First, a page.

OPINION

Strategic shift

India is now forced to reserve its health-care facilities for those who need it the most

On March 28, only 130 districts of India’s 736 had reported COVID-19 cases. The Health Ministry’s strategy then, after the national lockdown, was to ensure State supervision of those who manifested symptoms — as well as their high-risk contacts — and who had a travel history. Suspected high-risk contacts or those likely to have been exposed to the infection were subjected to varying degrees of State quarantine. Those not showing signs of the disease or ‘mild’ manifestations, were put in care centres and those noticeably sicker, in hospitals. The idea always was that if the sick and their contacts were segregated from the community long enough, the transmission chain would be broken and the disease extinguished. As April ends, the number of affected districts stands at 401 and confirmed cases have risen by a 1,000 a day; the daily death count hovers between 50 and 60. In a containment strategy tweak, those with a mild form of the disease, or are presymptomatic, would have the option of home quarantining. But their homes ought to have self-isolation facilities, a full-time caregiver, and daily health-status reports given to the district surveillance officer.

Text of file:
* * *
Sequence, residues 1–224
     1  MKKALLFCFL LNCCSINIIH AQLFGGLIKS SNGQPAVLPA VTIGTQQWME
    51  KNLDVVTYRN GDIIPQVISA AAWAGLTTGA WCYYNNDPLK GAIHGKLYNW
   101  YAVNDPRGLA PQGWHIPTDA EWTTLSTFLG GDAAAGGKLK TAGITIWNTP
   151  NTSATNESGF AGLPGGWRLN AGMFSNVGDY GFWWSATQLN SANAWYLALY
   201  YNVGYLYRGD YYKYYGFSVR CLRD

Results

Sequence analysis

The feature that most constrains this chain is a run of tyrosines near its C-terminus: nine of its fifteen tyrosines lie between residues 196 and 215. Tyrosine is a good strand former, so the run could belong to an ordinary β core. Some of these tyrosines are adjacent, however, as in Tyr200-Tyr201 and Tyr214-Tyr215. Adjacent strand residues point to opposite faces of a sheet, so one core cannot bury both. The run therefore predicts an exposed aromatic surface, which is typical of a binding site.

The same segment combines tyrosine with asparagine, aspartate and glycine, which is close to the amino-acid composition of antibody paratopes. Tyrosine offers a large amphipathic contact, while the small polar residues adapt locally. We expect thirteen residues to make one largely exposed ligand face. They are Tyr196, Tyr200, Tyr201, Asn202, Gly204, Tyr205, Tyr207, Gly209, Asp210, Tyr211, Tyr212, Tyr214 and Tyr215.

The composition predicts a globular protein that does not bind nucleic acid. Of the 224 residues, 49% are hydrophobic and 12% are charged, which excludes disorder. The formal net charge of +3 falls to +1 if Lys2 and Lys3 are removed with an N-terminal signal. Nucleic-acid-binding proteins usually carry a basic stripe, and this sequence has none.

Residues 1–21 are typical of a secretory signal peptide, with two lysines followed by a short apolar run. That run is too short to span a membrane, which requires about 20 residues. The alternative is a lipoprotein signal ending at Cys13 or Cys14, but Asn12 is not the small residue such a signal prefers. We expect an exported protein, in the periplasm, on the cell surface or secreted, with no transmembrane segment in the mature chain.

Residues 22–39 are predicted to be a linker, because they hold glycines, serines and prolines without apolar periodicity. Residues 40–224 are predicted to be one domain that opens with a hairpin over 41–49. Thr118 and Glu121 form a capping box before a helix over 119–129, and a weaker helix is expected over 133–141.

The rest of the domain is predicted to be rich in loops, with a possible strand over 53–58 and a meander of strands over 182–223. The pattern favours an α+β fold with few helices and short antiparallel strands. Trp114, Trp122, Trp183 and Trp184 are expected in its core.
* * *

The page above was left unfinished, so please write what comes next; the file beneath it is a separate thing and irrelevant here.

The Health Ministry has not explained what prompted this relative relaxation. However, anecdotal evidence suggests doctors and health-care workers have been disproportionately vulnerable to the infection and a single case leads to entire hospitals being shut down. Unlike in the U.S. and western Europe, India’s hospitals are not yet clogged with seriously ill patients. It could be due to India’s relatively low case-count and also people not turning up fearing infection. Allowing home quarantine could be seen as health authorities inferring that quarantining in public facilities posed more risks. The presymptomatics (mild illness) and asymptomatics (no signs) did not benefit from treatment and were potent virus spreaders, and therefore endangered the staff and health workers. They also stretched State resources in maintenance. The Ministry also found that among those who tested positive, there were two presymptomatics or asymptomatics for every symptomatic. The disease spread, it appears, is now beyond the ability of the state to contain, by quarantine, and it was far more prudent to fortify health workers and hospitals with the best facilities available to handle patients. Officially, there is no community transmission in India but at this magnitude of cases, it does not practically matter. Gujarat, Maharashtra, Madhya Pradesh and Delhi are powering the spread of cases and only consistent declines here can broach discussion on the end of the pandemic. From a month ago, India, on paper, is equipped with better supply channels of personal protective equipment, infusion pumps (for oxygen), hospital beds, laboratories for testing and PCR kits. If the lockdown is lifted on May 3, the rationale behind the government’s containment strategy will be put to a stringent test.

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